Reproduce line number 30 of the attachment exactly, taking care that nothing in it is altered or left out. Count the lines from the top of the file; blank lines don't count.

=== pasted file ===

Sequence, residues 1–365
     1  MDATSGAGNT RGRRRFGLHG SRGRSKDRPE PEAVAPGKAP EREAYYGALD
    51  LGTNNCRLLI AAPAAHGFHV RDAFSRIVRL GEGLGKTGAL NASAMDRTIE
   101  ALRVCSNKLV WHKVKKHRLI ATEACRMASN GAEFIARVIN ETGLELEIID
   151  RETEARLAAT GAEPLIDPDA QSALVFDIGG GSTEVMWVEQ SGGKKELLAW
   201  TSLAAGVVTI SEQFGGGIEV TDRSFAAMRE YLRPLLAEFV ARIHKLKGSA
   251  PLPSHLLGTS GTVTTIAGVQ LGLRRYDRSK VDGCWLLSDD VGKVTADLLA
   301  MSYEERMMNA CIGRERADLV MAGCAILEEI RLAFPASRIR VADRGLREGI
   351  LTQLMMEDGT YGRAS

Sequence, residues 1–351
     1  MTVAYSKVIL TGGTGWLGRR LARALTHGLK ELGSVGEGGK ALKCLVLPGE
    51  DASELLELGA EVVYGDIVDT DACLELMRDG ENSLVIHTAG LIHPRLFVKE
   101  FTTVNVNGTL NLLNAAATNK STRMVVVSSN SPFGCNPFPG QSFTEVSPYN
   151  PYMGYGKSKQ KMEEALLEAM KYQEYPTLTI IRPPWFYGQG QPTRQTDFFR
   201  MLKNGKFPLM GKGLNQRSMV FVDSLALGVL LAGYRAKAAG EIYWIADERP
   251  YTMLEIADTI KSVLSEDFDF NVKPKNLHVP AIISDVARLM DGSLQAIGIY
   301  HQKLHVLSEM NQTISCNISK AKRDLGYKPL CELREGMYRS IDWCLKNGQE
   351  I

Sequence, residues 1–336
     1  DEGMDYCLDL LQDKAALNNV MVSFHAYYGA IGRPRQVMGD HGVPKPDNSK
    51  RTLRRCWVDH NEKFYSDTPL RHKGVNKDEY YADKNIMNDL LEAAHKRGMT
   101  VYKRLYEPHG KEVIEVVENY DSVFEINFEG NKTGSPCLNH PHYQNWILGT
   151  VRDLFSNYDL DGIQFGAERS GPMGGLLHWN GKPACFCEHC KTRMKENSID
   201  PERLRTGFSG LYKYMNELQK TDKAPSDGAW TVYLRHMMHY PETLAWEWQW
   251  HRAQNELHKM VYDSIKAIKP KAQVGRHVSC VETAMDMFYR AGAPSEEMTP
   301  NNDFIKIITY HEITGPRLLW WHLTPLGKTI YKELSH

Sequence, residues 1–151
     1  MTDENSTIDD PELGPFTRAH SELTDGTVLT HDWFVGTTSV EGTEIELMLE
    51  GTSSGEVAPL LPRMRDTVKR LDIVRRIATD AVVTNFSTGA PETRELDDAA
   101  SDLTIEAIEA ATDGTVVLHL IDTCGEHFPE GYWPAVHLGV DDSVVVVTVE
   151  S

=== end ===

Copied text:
   101  SDLTIEAIEA ATDGTVVLHL IDTCGEHFPE GYWPAVHLGV DDSVVVVTVE